Koalas at Cape Otway | Cape Otway
Koalas at Cape Otway
Koalas are plentiful at Cape Otway. They can be seen from the road but make sure you park in a safe spot as the road can be busy with road traffic with travellers visiting the Cape Otway Lightstation.
Koalas are well adapted to life in the trees and spend as much time in the branches as possible, only coming to ground briefly to change trees. Their sharp claws and opposable digits make tree climbing look easy. Koalas even sleep in the trees for between 18-20 hours, tucked into forks or nooks in the trees with a specially padded bottom!
Like all marsupials koalas give birth to tiny young called joeys which crawl into the mother’s pouch. Koalas have a pouch which is upside down! A female koala carries her baby in her pouch for about six months, from this time the joey rides on its mother’s back or clings to her belly until it is about a year old, continuing to share her home range until it is about 18 months old.
The koala’s diet is almost entirely comprised of the leaves of a small number of Eucalypt species. Generally koalas do not drink much water as they get most of their moisture from leaves.
Although Eucalypt leaves are abundant, their nutritional value is very poor and they also contain toxic substances. To overcome these problems Koalas carefully select their leaves, smelling them carefully before eating them. They have a highly specialised digestive process (including one of the longest guts in the mammal world!) which allows koalas to break down the tough eucalyptus leaves and remain unharmed by their poison.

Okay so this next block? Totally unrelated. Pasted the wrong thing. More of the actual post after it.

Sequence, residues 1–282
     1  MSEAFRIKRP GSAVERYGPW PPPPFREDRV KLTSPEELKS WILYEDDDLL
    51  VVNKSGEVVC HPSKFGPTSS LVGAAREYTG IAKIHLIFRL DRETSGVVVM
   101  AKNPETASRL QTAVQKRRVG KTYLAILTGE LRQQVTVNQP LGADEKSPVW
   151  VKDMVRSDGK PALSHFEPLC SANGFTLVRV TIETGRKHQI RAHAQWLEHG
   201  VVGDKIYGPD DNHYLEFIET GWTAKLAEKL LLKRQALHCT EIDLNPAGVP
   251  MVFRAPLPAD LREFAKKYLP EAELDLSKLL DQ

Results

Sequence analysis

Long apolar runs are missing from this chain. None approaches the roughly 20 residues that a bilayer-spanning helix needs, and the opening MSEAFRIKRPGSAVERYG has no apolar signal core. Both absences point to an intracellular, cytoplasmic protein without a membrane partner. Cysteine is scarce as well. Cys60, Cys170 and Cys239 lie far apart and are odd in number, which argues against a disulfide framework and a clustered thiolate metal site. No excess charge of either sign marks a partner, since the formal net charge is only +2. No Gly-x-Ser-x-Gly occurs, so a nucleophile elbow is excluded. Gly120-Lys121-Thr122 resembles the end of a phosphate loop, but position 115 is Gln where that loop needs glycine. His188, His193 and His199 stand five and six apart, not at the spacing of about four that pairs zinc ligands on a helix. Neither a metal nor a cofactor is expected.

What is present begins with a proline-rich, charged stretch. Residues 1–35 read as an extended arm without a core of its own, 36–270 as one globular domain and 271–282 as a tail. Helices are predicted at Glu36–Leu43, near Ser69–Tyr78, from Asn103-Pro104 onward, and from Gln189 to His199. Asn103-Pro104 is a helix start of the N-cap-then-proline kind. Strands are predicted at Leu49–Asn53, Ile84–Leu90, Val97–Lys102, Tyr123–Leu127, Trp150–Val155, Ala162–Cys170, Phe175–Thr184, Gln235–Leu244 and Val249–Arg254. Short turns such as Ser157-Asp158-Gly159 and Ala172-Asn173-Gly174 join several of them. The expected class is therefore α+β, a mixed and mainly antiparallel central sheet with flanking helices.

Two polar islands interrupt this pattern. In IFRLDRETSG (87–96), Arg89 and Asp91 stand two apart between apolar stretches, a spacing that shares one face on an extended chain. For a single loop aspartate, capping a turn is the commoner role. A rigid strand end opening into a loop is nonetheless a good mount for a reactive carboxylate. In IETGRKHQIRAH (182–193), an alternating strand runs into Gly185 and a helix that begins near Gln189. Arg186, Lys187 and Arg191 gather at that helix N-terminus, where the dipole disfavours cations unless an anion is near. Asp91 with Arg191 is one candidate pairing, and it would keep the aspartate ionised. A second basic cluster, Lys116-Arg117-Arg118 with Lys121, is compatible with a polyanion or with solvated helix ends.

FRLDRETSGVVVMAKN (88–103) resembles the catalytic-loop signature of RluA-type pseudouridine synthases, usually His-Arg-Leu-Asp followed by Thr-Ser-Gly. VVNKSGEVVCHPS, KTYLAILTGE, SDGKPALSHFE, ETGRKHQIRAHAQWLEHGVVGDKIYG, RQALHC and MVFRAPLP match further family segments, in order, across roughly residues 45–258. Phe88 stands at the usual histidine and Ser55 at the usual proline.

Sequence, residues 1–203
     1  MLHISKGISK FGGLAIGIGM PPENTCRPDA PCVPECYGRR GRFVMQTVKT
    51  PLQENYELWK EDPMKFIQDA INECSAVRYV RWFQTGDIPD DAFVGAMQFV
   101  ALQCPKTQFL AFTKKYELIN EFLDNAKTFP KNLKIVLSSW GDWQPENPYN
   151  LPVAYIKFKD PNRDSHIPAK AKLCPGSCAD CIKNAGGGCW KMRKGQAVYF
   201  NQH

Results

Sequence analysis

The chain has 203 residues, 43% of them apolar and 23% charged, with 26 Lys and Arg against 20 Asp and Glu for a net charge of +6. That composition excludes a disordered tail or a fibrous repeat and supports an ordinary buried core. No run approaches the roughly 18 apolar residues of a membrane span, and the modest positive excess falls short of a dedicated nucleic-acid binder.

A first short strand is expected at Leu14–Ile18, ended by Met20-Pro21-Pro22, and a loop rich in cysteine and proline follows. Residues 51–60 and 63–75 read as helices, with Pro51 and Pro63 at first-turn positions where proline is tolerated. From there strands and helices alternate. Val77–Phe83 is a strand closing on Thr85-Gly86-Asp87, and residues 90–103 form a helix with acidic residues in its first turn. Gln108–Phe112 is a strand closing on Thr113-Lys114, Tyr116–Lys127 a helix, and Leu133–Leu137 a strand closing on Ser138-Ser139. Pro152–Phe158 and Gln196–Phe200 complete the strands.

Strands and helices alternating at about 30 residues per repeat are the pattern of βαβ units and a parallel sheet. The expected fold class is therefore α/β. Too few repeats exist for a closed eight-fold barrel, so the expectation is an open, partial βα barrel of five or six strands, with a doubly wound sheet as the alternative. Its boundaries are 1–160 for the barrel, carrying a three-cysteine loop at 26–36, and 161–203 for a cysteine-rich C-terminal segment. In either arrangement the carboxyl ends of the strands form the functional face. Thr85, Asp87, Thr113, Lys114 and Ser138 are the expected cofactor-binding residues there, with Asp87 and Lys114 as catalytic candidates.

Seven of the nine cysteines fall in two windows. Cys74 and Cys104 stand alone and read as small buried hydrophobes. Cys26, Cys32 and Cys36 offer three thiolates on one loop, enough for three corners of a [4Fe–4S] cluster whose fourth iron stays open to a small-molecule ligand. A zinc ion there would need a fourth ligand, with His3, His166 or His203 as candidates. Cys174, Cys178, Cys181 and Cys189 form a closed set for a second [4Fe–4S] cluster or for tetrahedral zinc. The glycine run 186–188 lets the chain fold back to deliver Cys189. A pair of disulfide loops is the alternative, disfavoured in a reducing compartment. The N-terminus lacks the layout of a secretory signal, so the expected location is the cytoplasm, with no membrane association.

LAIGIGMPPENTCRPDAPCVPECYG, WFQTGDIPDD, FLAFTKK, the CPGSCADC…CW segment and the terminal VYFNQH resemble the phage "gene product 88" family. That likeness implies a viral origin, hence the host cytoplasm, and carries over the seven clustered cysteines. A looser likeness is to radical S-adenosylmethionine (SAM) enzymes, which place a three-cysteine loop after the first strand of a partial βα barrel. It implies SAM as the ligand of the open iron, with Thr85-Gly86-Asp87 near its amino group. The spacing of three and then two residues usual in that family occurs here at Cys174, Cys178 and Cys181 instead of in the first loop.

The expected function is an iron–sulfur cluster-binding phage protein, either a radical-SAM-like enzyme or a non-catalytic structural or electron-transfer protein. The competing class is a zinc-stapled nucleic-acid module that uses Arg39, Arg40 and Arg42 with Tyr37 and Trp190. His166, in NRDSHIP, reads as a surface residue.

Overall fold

Each animal eats a tremendous amount for its size – about a kilogram (two and a half pounds) of leaves a day. Leaf particles in the koala’s digestive tract are retained for up to 200hrs, among the very longest for any mammal.
Koalas have a unique ability to selectively retain part of their food for longer fermentation while allowing the rest to pass through more rapidly.
Victorian koalas look quite different to koalas further north in Queensland, with koalas at the northern reaches of their distribution much smaller (males up to 11 kg), with shorter fur and silver-grey in colour. Male koalas in Victoria southern Australia reach up to almost 15kg, are much fluffier and range from dark grey to almost brown.
A newborn Koala is smaller than a jellybean and weighs half a gram. Like other marsupials the joey is born as a partially developed embryo of 0.5g, The tiny joey climbs through the mother’s thick fur and into her pouch where it attaches to one of her two nipples and remains there for six months.
Save the koala
The Conservation Ecology Centre at Cape Otway cares for injured Koalas. They rely upon donations to pay for re-habilitation and research. To support the work of the Conservation Ecology Centre make a donation.
Locals Tip: At dusk, from the roadside, you can often see a mob of Kangaroos in the open paddocks near the Cape Otway Conservation Ecology Centre.
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